Friday, March 9, 2012

Data Storage- How to choose your storage requirement?

Most of us take data for granted till our PC crashes and we start worrying of losing precious data – mails, docs, excel sheets, business plans, holiday pictures, song collection and movies…so on.  The idea is not to scare you here but to get you thinking on how to safeguard your precious data.  One of the best ways of storing data would be an external hard disk drive.  

Hard disk drives are of two types – Mechanical (Hard disk drives) and Solid State (Solid state drives)

Hard disk drives is the traditional drives that run most of the PCs today that works with the help of disks running on a spindle.  The RPM (rotations per minute) and the onboard cache memory decide the through-put of the hard disk drive.  The risk of such drives is the possibility of the disk crashing or refusing to spin, which can occur anytime anywhere without any rhyme or reason. Having said that the technology on hard disk drives has evolved so much so that it is one of the most reliable storage media widely used.  Therefore, as a first level of backup of your data you can look at carrying a personal USB based External hard disk drive.  These are sleek USB powered hard drives that will work seamlessly on a MAC or PC available in different colors to meet your personal color tastes though black is the most sought after color.  The capacities recommended is either a 500 GigaByte or 1TeraByte considering the average size of pictures, movies and data stored by an average user.  Brands suggested are Seagate, Western Digital, Toshiba, Sony, Buffalo etc…all available on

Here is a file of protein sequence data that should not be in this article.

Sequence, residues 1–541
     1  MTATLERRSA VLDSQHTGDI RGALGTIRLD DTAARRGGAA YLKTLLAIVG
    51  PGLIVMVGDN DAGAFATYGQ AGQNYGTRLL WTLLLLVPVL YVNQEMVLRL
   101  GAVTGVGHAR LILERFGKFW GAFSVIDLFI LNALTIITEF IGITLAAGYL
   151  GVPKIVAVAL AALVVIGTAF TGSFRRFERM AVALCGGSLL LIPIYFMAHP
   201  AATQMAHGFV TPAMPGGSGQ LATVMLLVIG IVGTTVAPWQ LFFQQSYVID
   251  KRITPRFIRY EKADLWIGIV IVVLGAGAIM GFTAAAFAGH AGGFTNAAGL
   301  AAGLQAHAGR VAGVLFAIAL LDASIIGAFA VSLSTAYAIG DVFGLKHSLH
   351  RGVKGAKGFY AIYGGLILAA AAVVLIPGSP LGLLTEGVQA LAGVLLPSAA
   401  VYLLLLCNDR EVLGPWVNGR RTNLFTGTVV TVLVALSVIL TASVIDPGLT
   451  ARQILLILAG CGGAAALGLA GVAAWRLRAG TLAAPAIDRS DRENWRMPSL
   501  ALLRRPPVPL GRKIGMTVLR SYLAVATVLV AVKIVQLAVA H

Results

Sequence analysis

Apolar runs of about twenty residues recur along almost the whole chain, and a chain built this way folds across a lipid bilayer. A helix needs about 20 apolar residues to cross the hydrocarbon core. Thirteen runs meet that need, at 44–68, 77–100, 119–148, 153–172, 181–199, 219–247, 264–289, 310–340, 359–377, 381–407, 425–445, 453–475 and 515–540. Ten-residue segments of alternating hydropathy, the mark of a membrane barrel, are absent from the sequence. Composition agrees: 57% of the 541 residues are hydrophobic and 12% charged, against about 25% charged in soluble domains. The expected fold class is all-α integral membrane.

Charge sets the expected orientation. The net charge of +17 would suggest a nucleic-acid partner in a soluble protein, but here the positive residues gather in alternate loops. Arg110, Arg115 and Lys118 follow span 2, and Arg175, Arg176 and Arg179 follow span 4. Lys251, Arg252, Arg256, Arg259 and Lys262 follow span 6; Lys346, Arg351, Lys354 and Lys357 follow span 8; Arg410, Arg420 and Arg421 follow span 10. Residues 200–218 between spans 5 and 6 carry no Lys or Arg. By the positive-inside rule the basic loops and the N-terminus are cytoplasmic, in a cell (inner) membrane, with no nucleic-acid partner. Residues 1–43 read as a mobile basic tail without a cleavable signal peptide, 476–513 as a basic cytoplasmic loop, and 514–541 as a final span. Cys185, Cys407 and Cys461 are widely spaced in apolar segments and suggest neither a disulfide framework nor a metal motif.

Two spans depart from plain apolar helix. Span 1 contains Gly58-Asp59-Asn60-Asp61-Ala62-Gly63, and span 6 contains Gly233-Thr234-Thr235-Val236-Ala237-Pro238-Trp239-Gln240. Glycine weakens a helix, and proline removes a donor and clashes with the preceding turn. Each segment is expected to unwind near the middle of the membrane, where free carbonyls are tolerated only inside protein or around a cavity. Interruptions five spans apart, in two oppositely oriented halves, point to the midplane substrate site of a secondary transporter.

SSD drives are the new form of high performance hard drives found in high end sleek laptops like the Mac Book Air or Ultrabooks running Windows.  They are now found in the external form factors interfaced using USB.  They do not have any moving parts hence considered more reliable and are the elder brothers of flash drives or pen drives.  They are available in capacities of 32, 64 and 128 GB.  Though priced very high, these are relatively more reliable for storing confidential data.  Available brands are Sandisk, Kingston, Transcend etc on

NAS or Network Attached Storage is the third option one should look at for backing up data as a secondary storage at office or at home.   These storage devices can carry multiple hard drives and can be scaled up in capacity at will.  They incorporate RAID (redundant array of independent drives) features making it more reliable.  For example, data on one drive can be mirrored onto another drive within the NAS and in the event of a drive failing, data can still be retrieved from the mirrored drive effortlessly.  The other benefit of such drives is one can archive data wirelessly over the network or even over the internet.  The popular brands to look for are Seagate and Buffalo on

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